Violence continues as Muslims condemn Mohammed cartoons

Pakistani security forces arrested hundreds of Islamic hard-liners and virtually sealed off the capital Islamabad today, before using gunfire and tear gas to disperse a Prophet Mohammed cartoon protest that had been banned by the government after a wave of deadly riots.

Elsewhere in the Muslim world, demonstrators with wooden staves and stones tried unsuccessfully to storm the US Embassy in Indonesia, while tens of thousands rallied in the Turkish city of Istanbul and complained about negative Western perceptions of Islam.

Troops patrolled the deserted streets of the northern Nigerian town of Maiduguri, where thousands of Muslims attacked Christians and burned churches on Saturday, killing at least 15 people during a protest against the cartoons. Most of the victims were beaten to death by rioters.

The cartoons published by a Danish newspaper in September and reprinted by other Western publications have caused outrage among Muslims, and mass protests have turned increasingly violent and claimed at least 45 lives worldwide: including 11 in Afghanistan, and 10 on Friday in the Libyan coastal city of Benghazi during riots outside the Italian consulate – apparently sparked by a right-wing Italian minister who wore a T-shirt with a prophet caricature.

Anxious to avoid a repeat of riots that killed five people in two Pakistani cities last week, thousands of police and paramilitary forces, some in armoured personnel carriers, others behind sandbag bunkers, were deployed in and around Islamabad to block a planned rally organised by a coalition of hard-line Islamic parties, Mutahida Majlis-e-Amal (MMA) or United Action Forum. The MMA sympathises with the former Taliban regime in Afghanistan and is fiercely anti-US.

Authorities mounted roadblocks around the capital and declared they would arrest anyone joining a gathering of more than five people.

Opposition leader Maulana Fazlur Rahman, who denounced the government ban as unconstitutional, was allowed to stage a small rally with eight other opposition lawmakers and a few supporters. They chanted “God is great!” and “Any friend of America is a traitor”.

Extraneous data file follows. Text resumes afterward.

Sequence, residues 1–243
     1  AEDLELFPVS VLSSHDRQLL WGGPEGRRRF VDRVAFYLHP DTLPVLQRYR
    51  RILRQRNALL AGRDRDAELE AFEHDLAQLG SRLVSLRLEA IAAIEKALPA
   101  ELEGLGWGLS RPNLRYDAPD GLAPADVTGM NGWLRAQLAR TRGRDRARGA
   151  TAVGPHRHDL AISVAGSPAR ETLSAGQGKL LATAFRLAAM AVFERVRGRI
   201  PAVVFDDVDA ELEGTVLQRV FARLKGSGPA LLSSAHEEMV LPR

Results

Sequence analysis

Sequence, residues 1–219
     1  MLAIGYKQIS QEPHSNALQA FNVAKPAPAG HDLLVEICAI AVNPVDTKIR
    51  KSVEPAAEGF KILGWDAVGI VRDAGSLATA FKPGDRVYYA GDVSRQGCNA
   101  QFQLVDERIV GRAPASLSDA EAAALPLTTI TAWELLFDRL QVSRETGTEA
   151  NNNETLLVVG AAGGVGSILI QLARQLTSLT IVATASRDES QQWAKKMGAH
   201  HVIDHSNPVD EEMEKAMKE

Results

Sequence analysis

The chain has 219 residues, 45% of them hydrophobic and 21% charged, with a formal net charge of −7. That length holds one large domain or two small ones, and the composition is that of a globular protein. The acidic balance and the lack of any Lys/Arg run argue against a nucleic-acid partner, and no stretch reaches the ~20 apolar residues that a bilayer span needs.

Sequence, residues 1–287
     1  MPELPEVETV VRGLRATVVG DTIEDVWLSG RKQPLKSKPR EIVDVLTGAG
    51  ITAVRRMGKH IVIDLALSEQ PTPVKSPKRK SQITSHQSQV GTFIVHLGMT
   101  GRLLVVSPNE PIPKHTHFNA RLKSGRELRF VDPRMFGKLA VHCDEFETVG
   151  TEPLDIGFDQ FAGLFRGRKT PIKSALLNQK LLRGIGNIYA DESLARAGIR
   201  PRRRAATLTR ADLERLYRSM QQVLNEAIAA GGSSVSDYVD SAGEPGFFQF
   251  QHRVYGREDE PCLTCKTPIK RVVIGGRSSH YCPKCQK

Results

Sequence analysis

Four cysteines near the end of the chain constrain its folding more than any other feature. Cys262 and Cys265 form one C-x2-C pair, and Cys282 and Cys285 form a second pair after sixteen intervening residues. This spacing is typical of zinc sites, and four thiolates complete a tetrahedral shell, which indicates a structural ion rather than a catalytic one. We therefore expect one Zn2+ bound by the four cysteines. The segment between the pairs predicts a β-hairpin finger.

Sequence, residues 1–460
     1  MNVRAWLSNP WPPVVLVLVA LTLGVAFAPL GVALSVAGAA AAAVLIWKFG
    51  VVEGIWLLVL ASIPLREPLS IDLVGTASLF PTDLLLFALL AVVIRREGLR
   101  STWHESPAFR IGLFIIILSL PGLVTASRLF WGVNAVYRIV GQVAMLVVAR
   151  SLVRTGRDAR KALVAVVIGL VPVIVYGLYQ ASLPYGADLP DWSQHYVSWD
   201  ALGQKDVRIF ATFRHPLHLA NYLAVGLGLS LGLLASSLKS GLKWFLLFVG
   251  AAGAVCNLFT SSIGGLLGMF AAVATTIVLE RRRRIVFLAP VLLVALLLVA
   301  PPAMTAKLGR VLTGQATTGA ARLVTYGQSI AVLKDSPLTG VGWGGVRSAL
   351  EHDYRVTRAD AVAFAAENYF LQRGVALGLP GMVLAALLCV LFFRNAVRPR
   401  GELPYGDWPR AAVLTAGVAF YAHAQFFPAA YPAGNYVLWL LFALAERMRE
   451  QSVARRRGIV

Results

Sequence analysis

But police fired tear gas and warning gunshots to quell hundreds of other protesters, who attempted to join them and then enter the diplomatic enclave where most foreign embassies are located. The three-hour clash left the street littered with rocks and spent tear gas shells. An Associated Press reporter saw two injured police, one bleeding from his head, and several injured protesters.

Interior Minister Aftab Khan Sherpao said police used tear gas not gunfire. He said police had arrested between 100 and 150 people in the city since late on Saturday.

Authorities made hundreds of arrests to pre-empt the protest. Overnight, police raided homes and offices, rounding up about 300 people in the nearby city of Rawalpindi ad the eastern hub of Lahore, including some lawmakers. Qazi Hussain Ahmad, a top MMA leader, was confined to his Lahore residence and others were detained or told to stay at home, police said.

“These people could create problems of law and order,” said Chaudhry Shafqaat Ahmed, chief investigator of Lahore police.

In Karachi, Pakistan’s largest city, police said 15,000 MMA supporters, most wearing white shrouds of mourning, splashed with red paint to symbolise their willingness to die defending the prophet’s honour, rallied peacefully.

Among them was 12-year-old boy, Amar Ahmed, who carried a sign that read, “O Allah, give me courage to kill the blasphemer.”

Separately, hundreds of Muslims torched a church in the southern city of Sukkur. No worshippers were inside at the time, but one person was hurt afterward when police fired tear gas.

Local police chief Akbar Arian said the unrest was sparked not by the prophet cartoons but allegations a local Christian had burned pages of Islam’s holy book, the Koran – another sign of the sectarian tensions often at play in this overwhelmingly Muslim nation.

Meanwhile, in Indonesia about 400 people marched to the heavily fortified US Embassy in central Jakarta behind a banner that read: “We are ready to attack the enemies of the prophet.”

Brandishing wooden staves and lobbing stones, they tried to storm the gates. They also set fire to US flags and a poster of US President George Bush, and smashed the windows of a guard outpost before dispersing after a few minutes.

The US Embassy condemned the attack as “thuggery”.

In Istanbul, tens of thousands joined a protest organised by the Islamic Felicity Party, whose leaders shouted over loudspeakers that the massive crowd symbolised the anger of the world’s 1.5 billion Muslims and urged them to “resist oppression.” Protesters chanted slogans against the Denmark, Israel and the US.

Ethem Erkovan, a 47-year old protester, who held a banner in one hand and his daughter in the other, accused Western nations of maligning Islam. “They are the ones who are trying to depict the expanding Islamic community as terrorists, though all we want is peace,” he said.

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